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Climate Change and Ecosystem Assessment

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CKNP Climate Change and Ecosystem Assessment

CKNP Climate Change and Ecosystem Assessment

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  • The CKNP consists of 4 districts, 350 settlements, and a population of 211475 according to 1998 census estimates. Its distinctive biodiversity, unique local culture and wilderness make CKNP an attractive destination for around 4,000 tourists per year. Population source: Wikipedia, 1998 census
  • Aga Khan Cultural Service Pakistan, MGPO: Mountain and Glacier Protection Organization
  • Aga Khan Cultural Service Pakistan, MGPO: Mountain and Glacier Protection Organization
  • Aga Khan Cultural Service Pakistan, MGPO: Mountain and Glacier Protection Organization
  • Aga Khan Cultural Service Pakistan, MGPO: Mountain and Glacier Protection Organization
  • Aga Khan Cultural Service Pakistan, MGPO: Mountain and Glacier Protection Organization
  • Aga Khan Cultural Service Pakistan, MGPO: Mountain and Glacier Protection Organization
  • Aga Khan Cultural Service Pakistan, MGPO: Mountain and Glacier Protection Organization
  • Advocacy before research: islamabad subsidized some crops and didn’t for others….those that it did suddenly became cash crops…now G-B wants to leave its traditional cropping patterns. So subsidies given in some other part of Pakistan distorted farmers return on traditional crops in G-B. Entirely kills agricultural productivity. Need for climate education in schools curicula
  • Aga Khan Cultural Service Pakistan, MGPO: Mountain and Glacier Protection Organization
  • Aga Khan Cultural Service Pakistan, MGPO: Mountain and Glacier Protection Organization
  • Still measuring caloric intake of GB ppl according to national line…not recognizing additional caloric needs of mountain ppl. Need for Climate Education in Schools
  • Transcript

    • 1. CKNPClimate Change and Ecosystem Assessment Report Dr. Vaqar Ahmed Sustainable Development Policy Institute 1
    • 2. CKNP Region: Population & Livelihoods Populations; Gilgit (0.8 10,000 square Distinctive million), Skardukilometers and biggest biodiversity, unique (214,848), Ghanchi national park of local culture and (88,366), and Hunza Pakistan wilderness (87,000) Unique ecosystem Economic activities including highest relate to glacier peeks such as agriculture, tourism Baltoro, Panmah, Biafo, and mining Hispar glaciers 2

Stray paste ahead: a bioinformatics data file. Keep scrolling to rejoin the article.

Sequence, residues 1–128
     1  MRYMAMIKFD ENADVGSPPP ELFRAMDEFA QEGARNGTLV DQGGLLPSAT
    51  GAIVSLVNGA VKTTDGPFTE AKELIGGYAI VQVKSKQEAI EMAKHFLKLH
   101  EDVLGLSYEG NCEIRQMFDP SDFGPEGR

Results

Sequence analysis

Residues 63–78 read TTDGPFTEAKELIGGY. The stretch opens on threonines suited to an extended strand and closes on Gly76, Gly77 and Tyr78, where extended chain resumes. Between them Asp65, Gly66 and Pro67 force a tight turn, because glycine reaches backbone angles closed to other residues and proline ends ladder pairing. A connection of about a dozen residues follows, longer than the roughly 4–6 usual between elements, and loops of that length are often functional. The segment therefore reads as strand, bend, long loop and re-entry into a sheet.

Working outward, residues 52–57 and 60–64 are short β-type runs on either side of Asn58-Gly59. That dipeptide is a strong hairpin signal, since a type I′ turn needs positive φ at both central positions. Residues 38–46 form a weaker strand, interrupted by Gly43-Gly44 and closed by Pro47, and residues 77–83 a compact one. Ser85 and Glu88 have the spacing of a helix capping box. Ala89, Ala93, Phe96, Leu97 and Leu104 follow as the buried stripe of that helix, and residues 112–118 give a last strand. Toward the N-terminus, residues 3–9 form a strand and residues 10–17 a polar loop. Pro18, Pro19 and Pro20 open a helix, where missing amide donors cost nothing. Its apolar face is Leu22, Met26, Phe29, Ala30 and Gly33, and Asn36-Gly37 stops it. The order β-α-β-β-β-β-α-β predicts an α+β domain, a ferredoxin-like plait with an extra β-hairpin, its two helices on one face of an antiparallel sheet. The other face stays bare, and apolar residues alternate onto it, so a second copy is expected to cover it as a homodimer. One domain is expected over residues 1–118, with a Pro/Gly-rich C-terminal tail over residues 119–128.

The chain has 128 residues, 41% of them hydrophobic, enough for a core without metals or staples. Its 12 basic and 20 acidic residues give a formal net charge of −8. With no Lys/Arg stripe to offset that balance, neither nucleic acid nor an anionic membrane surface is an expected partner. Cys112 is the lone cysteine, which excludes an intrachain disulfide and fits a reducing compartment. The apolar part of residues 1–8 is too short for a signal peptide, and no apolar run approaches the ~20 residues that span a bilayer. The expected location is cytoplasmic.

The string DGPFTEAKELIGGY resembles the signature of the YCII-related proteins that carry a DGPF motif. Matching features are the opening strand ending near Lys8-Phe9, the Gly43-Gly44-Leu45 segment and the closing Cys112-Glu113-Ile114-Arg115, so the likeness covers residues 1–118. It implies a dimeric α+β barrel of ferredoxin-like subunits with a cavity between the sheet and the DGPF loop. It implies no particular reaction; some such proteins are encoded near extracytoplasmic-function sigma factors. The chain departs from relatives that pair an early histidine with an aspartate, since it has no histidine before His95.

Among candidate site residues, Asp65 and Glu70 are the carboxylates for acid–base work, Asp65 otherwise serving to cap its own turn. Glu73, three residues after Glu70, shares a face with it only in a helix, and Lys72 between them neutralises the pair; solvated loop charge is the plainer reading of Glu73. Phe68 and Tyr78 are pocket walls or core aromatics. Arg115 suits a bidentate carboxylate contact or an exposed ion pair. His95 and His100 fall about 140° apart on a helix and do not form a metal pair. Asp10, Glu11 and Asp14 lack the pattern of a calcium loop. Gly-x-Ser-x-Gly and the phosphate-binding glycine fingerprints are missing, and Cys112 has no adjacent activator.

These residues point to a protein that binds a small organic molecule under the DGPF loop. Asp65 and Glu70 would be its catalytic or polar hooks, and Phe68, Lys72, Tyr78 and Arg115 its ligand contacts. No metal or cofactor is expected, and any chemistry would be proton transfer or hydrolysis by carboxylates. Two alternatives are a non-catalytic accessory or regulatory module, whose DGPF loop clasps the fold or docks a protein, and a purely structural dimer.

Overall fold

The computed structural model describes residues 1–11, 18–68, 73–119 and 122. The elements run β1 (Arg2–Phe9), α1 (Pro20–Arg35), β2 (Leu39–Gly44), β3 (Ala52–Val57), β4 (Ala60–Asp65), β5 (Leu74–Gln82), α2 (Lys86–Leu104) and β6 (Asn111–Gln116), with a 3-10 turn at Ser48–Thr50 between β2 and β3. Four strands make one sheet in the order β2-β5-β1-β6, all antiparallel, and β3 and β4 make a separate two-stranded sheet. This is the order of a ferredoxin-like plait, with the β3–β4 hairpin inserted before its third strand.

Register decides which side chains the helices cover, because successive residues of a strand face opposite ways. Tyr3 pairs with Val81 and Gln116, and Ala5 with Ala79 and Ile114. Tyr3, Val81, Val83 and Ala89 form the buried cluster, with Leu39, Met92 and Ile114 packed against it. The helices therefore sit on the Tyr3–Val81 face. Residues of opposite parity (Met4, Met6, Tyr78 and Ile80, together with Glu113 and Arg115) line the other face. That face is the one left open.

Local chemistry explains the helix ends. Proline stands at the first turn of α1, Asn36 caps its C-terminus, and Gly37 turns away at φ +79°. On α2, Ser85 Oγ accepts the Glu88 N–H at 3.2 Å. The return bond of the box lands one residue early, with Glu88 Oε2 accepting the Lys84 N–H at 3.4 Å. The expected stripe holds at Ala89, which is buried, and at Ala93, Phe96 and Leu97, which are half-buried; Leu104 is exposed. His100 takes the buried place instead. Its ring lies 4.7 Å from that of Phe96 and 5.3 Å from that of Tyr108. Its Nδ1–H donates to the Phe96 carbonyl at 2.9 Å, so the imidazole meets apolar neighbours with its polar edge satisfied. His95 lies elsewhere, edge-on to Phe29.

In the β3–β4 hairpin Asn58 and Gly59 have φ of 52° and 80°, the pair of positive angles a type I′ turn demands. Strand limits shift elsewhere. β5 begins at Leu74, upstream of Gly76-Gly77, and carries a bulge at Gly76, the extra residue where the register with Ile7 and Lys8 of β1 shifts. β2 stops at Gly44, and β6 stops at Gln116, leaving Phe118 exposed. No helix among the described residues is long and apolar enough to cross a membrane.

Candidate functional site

• 3. Need for this Study• The ecosystem of the CKNP region is highly vulnerable to climate change in particular to rise in temperature which is directly and indirectly affecting the communities, culture, economy, livestock, pattern of agriculture and biodiversity of that area (IPCC 2007, Campbell 2004).• Ecosystem  Human well-being (Reid et al. 2005). 3 Conservation of ecosystem from climate change
    • 4. Key Areas of Study• Highlights the impacts of climate change on the communities of CKNP region.• Identify vulnerable communities and regions that need policy focus for conservation of biodiversity and local ecosystems.• Possible Identification of vulnerabilities and link with economic growth in the region 4
    • 5. MethodologyRegional Growth Collective Review of & Climate Stakeholder Literature Modeling Observations Primary Data Secondary Data Key Informant Collection Collection Interviews 5
    • 6. Data Sources• Primary data – Household survey conducted in Gilgit, Hunza, Skardu, Ghanche in April 2011 (sample size 300 households) – Stakeholder’s interviews: AKCSP, EV-K2-CNR, MGPO, PARC, PMD, WWF and CKNP Directorate• Secondary data by PMD – For Gilgit: temperatures, precipitation, relative humidity, sunshine hours, and relative humidity – For Hunza and Skardu data provided was on wind speed, wind direction, and relative humidity• Secondary data by Pakistan Bureau of Statistics – Production and Consumption data• Government of Gilgit-Baltistan: Institutional Review 6
    • 7. Existing Literature• Khan, B., Ali, F. Understanding Sectoral Impacts of Climate Change On Gilgit-Baltistan. WWF, UNDP, OCHA• Salerno et al., 2009. Integrated case study of a selected valley in the Central Karakoram National Park. The Bagrot Valley. HKKH Partnership Project. EV-K2-CNR. 81-103• Shah, A., et al. 2009. Land Cover Mapping of the Central Karakoram National Park.WWF, Pakistan• Mayer, C., et al. 2006. Glaciological Characteristics of the Ablation Zone of Baltoro Glacier, Karakoram, Pakistan. International Glaciological Society
    • 8. Existing Literature (Contd..)• Mihalcea, C., et al. 2006. Ice Ablation and Meteorological Conditions on the Debris-Covered Area of Baltoro Glacier, Karakoram, Pakistan. International Glaciological Society• CESVI., Daconto, G. 2007. Exploring the Future: Strategic Analysis of Future Scenarios for Central Karakorum National Park. CESVI.• Belò, M., et al. 2008. The Recent Evolution of Liligo Glacier, Karakoram, Pakistan, and Its Present Quiescent Phase. International Glaciological Society. Three of these studies were on glaciers, two were on climate change, and the rest were generally on CKNP
    • 9. Gaps in Existing Literature• Update and further research, advocacy and outreach required for CKNP region• There is a need of integrated study for the CKNP region that tries to explore issues and remedies through a social, economic and environmental appraisal• Missing link with sectoral economic growth• Link the various facets of climate change impacts with the resource availability and capacity to deal with the challenges.